Citigroup Inc has boosted its lending after receiving government money and has set up a committee of senior executives to make sure it is using those funds properly, according to an internal memo obtained by Reuters.
The government agreed to give an additional $20 billion of capital to the bank last month under the Troubled Assets Relief Program, on top of the $25 billion it received in October.
Critics have charged that US banks receiving TARP money are using the funds mainly to make up for writedowns and loan losses, and are not actually lending more money.
In an interview last month, US Representative Barney Frank, chairman of the House Financial Services Committee, told Reuters that TARP money was meant to be pumped into the economy through loans.
“Let's put it this way: If the money isn't being lent out, then I suppose there's no harm done if it's cut off,” Frank said. “I hope they will redouble their efforts to get it lent out.”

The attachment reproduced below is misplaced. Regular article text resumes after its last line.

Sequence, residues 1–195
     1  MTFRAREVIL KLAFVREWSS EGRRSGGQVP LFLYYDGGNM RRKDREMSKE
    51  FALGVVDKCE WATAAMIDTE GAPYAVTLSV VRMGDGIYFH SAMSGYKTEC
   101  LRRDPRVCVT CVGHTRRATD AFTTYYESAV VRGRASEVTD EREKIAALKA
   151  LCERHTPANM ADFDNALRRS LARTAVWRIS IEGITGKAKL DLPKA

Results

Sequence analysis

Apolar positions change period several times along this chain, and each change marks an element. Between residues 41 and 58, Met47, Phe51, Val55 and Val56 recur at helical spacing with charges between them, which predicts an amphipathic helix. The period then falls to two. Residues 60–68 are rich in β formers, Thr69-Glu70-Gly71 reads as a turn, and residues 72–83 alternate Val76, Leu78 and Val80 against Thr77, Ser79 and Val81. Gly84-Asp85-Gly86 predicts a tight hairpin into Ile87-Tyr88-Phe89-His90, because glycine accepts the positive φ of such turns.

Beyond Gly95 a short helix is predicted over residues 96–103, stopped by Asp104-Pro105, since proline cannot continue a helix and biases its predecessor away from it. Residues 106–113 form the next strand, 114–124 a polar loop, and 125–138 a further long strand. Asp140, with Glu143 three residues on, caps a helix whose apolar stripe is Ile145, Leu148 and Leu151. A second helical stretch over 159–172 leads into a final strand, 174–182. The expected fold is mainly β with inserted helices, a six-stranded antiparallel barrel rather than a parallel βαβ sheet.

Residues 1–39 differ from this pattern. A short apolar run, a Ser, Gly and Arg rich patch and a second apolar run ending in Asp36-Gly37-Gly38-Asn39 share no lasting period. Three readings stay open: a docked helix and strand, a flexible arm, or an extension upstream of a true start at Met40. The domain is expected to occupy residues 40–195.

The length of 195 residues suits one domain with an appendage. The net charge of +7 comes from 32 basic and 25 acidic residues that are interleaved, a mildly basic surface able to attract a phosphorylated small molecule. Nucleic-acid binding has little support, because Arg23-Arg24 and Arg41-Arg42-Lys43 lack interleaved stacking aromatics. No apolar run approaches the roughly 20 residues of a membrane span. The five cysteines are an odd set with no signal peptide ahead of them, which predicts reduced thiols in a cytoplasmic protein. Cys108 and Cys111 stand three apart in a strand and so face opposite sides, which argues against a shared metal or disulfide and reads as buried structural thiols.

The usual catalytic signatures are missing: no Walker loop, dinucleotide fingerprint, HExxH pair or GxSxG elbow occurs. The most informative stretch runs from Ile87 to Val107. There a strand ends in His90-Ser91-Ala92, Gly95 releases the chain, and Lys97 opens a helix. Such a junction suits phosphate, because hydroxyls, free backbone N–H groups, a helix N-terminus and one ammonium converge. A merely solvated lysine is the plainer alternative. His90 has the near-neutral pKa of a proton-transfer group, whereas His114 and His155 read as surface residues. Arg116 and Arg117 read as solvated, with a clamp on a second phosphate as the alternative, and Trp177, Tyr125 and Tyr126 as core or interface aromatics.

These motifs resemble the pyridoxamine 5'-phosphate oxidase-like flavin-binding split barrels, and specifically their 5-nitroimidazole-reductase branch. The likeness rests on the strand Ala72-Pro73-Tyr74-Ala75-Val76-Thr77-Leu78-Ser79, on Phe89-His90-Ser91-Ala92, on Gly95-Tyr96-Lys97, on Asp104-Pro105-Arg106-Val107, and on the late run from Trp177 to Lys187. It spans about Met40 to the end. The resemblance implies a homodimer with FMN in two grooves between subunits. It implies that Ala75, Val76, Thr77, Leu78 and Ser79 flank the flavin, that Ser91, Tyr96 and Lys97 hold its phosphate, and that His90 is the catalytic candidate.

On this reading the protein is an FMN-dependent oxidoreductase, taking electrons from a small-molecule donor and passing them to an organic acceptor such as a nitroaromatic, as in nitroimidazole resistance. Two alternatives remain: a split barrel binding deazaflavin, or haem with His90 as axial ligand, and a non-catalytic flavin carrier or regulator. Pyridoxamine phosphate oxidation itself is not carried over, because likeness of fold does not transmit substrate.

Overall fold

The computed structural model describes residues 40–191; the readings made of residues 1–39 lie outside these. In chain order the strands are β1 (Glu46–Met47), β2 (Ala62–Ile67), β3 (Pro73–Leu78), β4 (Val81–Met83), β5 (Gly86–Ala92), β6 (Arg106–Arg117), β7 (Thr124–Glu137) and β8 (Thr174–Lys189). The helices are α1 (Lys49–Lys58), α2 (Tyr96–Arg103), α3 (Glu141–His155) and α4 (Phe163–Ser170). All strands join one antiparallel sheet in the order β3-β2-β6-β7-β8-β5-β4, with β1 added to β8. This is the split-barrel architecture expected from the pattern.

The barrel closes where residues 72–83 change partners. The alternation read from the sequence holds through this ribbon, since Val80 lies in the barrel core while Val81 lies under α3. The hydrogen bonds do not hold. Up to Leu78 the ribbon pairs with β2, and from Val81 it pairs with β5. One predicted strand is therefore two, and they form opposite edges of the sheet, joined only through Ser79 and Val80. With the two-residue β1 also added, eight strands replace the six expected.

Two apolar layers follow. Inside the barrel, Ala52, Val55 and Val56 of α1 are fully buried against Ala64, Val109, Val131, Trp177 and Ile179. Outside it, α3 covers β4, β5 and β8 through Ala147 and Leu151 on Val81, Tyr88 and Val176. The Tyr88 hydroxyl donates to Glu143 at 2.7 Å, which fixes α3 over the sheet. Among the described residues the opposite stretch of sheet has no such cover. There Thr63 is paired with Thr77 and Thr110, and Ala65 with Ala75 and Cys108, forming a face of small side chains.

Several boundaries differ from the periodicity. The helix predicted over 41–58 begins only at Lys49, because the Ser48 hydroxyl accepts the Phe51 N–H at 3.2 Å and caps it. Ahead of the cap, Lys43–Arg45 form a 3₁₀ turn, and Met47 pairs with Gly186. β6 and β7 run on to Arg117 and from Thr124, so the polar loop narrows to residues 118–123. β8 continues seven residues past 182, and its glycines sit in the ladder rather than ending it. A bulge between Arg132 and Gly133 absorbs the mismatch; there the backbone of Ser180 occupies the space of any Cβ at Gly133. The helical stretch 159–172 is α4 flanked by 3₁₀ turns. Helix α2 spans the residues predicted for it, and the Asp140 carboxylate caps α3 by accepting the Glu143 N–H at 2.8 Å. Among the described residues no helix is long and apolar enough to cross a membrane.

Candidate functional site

Citigroup Chief Executive Vikram Pandit said in a memo sent to employees Wednesday evening that the bank has been increasing lending and expanding available credit lines to customers, particularly those that use several Citigroup products.
“Citi remains strongly committed to sound lending to consumers, businesses and institutions,” Pandit said in the memo.
A special committee will help insure that TARP money is being used to help boost lending, the memo said. The committee will oversee, approve, and monitor how the TARP money is used.
The $700 billion TARP program was originally intended to buy bad assets from banks, but is now being used to buy equity stakes in banks. (Reuters)